Stranded in New York under 26 inches of snow two weeks ago, I was left sitting at home in front of a TV that offered little other than its deluge of Jackson specials. So, being lazy, I watched. And I was intrigued. It occurred to me that the self-proclaimed king of pop is the personification of so many annoying and harmful American trends.

As seen on ABC’s ratings winning showing of the British documentary “Living with Michael Jackson,” the performer is obsessed with children and childhood. He thinks he’s Peter Pan, climbs trees and lives in his self-made Neverland. This is not just a “Saturday Night Live” writer’s dream come true — it also shows the rather annoying and unrealistic trend of childhood worship. Jackson repeatedly talked of the innocence of youth, but that’s a middle-class myth.

We forget that for many, childhood is not or was not like this. My grandmother started working at 14. Many poor kids today become instant adults having to care for younger siblings or take on jobs after tragedies of circumstance or happenstance. We have come to believe that children are precious little projects to be worked on and perfected and that childhood needs to be preserved as long as possible. Heck, Jackson’s has lasted 44 years. It’s the product of a society that fears old age like the plague, rather than respect the wisdom that comes from life experience.

Playing into our fears of tainted youth was the abuse hysteria of the ’80s and early ’90s. Jackson is cagy about the alleged abuse he suffered as a child, but it is clear that he uses it, at least in part, as an excuse for his erratic, unusual behavior.

I do not mean to belittle the problem of abuse, but we have become a society of excuse-makers rather than problem-solvers. Therapy has often been focused on trying to find the root cause rather than solve a patient’s current issue. This leads to the 1993 allegations against Jackson that he molested a young boy. True or not, it does not matter. Rather, it shows that, as a nation, nothing scares us more than pedophilia. We live in a culture of fear, and our youth-obsession is a big part of it.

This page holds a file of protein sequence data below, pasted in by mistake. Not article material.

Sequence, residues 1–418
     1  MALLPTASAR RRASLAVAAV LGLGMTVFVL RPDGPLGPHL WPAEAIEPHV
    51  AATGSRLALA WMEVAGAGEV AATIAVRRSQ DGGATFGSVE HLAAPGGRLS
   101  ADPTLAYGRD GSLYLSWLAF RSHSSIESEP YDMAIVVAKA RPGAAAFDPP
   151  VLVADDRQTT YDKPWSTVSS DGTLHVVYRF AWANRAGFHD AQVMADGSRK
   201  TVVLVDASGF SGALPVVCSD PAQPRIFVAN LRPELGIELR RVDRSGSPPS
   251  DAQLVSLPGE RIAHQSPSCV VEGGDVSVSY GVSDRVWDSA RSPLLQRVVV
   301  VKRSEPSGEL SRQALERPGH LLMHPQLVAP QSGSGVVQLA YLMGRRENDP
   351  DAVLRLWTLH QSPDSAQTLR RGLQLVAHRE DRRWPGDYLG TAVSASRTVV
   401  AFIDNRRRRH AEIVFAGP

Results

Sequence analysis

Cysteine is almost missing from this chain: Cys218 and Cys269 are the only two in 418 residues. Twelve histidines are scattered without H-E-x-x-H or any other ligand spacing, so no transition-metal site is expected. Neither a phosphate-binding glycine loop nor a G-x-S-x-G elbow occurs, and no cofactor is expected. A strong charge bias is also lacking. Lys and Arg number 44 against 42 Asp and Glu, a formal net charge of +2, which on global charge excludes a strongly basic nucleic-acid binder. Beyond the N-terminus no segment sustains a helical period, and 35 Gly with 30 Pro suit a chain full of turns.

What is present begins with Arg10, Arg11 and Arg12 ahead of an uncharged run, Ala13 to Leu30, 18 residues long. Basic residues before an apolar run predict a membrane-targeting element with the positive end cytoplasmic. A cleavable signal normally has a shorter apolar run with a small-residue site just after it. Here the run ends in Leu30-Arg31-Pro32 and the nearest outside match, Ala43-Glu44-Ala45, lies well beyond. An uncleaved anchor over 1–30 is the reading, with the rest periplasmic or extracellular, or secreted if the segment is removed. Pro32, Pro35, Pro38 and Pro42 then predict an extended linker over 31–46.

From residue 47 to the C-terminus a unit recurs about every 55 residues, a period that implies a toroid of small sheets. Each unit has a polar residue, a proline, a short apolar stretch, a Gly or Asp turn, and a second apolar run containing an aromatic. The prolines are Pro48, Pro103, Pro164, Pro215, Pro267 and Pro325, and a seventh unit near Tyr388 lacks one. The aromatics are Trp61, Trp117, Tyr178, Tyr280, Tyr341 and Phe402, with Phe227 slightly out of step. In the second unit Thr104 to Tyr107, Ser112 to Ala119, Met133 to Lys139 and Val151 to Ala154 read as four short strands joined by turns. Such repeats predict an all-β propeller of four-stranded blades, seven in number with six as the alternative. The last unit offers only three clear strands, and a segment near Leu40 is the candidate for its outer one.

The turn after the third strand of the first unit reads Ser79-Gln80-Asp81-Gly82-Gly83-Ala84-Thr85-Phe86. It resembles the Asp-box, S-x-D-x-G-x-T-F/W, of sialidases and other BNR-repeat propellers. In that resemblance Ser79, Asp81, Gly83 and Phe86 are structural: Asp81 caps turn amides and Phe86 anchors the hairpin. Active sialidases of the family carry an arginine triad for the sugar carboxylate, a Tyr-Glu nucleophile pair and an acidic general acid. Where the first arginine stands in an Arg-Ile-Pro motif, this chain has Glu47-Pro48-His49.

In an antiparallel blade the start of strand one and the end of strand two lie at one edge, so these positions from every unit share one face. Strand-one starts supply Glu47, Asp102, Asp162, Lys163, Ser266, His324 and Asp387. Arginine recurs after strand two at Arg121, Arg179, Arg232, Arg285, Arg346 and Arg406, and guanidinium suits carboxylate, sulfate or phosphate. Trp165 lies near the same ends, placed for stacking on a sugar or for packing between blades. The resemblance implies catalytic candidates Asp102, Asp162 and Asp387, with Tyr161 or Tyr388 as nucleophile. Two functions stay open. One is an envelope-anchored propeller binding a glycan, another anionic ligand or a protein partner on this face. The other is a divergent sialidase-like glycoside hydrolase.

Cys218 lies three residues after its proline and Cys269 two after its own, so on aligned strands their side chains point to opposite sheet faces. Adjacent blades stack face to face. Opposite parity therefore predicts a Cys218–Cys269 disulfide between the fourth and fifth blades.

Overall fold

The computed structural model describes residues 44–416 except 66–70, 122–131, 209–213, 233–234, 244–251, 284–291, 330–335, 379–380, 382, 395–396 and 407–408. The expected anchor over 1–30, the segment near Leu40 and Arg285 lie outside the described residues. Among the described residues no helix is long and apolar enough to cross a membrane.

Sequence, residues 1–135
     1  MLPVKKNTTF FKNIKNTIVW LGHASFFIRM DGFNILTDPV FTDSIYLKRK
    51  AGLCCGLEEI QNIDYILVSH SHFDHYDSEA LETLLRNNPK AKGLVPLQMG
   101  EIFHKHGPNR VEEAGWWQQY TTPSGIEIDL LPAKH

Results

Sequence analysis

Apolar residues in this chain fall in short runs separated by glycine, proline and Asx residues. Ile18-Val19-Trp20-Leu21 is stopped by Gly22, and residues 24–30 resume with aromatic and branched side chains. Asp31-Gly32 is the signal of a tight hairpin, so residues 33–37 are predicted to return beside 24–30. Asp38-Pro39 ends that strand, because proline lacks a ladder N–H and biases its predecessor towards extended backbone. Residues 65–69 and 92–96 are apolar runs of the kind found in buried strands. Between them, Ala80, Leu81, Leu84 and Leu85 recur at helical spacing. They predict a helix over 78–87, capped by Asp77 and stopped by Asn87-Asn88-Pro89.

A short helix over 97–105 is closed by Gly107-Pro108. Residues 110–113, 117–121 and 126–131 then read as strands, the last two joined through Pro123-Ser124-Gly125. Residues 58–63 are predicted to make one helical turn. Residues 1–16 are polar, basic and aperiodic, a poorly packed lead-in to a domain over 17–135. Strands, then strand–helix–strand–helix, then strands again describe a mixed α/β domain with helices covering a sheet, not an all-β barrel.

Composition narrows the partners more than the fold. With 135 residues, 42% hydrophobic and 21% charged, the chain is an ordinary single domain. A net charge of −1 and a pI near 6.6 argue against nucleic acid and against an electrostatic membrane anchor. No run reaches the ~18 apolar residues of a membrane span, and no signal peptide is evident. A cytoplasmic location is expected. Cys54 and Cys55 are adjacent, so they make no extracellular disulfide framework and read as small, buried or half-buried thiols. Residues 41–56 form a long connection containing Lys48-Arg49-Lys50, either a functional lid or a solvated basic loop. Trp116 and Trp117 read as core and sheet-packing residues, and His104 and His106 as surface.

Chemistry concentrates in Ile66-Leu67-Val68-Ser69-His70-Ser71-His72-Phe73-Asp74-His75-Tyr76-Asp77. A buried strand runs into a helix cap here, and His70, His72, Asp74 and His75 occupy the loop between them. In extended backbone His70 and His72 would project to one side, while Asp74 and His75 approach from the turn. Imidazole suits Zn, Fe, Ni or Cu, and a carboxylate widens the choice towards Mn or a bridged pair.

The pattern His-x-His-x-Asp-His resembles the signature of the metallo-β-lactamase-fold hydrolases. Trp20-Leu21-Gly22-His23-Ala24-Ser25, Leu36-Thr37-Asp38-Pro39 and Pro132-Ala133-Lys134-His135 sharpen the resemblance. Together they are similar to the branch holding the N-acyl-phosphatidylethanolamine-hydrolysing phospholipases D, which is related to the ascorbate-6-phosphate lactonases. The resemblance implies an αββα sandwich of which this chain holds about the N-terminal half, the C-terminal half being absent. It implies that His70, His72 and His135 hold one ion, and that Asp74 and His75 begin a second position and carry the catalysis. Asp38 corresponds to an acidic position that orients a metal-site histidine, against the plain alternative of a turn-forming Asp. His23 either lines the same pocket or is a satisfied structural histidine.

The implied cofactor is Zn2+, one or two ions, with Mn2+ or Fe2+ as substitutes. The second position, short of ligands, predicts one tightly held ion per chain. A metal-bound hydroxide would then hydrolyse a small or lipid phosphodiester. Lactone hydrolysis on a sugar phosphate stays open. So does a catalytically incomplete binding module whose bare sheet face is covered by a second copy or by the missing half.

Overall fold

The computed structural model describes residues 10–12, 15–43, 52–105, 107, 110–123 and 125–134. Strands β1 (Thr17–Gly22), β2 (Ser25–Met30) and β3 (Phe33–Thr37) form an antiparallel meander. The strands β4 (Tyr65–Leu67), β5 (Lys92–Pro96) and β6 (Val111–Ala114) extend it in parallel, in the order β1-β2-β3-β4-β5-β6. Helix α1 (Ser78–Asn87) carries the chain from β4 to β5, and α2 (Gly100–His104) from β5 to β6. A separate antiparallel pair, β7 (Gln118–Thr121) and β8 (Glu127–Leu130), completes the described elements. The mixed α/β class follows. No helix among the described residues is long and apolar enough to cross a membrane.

Aside from his love of youth and the young, Jackson also loves his money. The documentary shows him going into a store full of fancy ornaments, structures and objects and pointing to the garish and expensive sculptures like a kid in a candy store. “I want that one,” he’d say as he pointed to a Greek-style pillar, “oh, and that” as he points to a gaudy sarcophagus at a non-gaudy price. His wallet-bending performance cost him a cool $1 million.

The difference between Jackson and the kid in the candy store is that there was no mom to take his hand and say, “no, honey.” That seems to be the true American Dream — point and buy power.

As much as he’d like to hide in a tree from all society, he cannot avoid the public. He is one of the most recognizable people in the world, but why? His bizarre appearance is a sure reason, but what is it about this singer who hasn’t had a hit in a decade that causes grown men and women to weep with joy in his presence? Why the hysterical crowds all over the world, and the fans who defend him against every valid or unfounded media attack? Why is this disturbed man such an American hero? Shouldn’t we have better idols in this post-September 11, war-threatened world?

And then there’s that pesky business of his appearance. “People change,” he says in defense of his altered cheeks, lips, jaw, dimples and skin color, not to mention his nose, to which he conceded two surgeries. He is the embodiment of Western obsession with appearance. He talks about how his father made fun of his wide nose. Why do we care so much about such things –more so than other cultures? There are more answers to that question, but needless to say, he is an unintentional satire of American self-consciousness.

I guess I expect too much from a society that loves to peer into the lives of such characters as Joe Millionaire and Ozzy Ozbourne, and listen en masse to the black and white thinking of Rush Limbaugh, Bill O’Reilly and President Dubya. But maybe that’s unfair. Maybe we just need new icons.

Bobkoff is a sophomore and can be reached at dbobkoff@campustimes.org.



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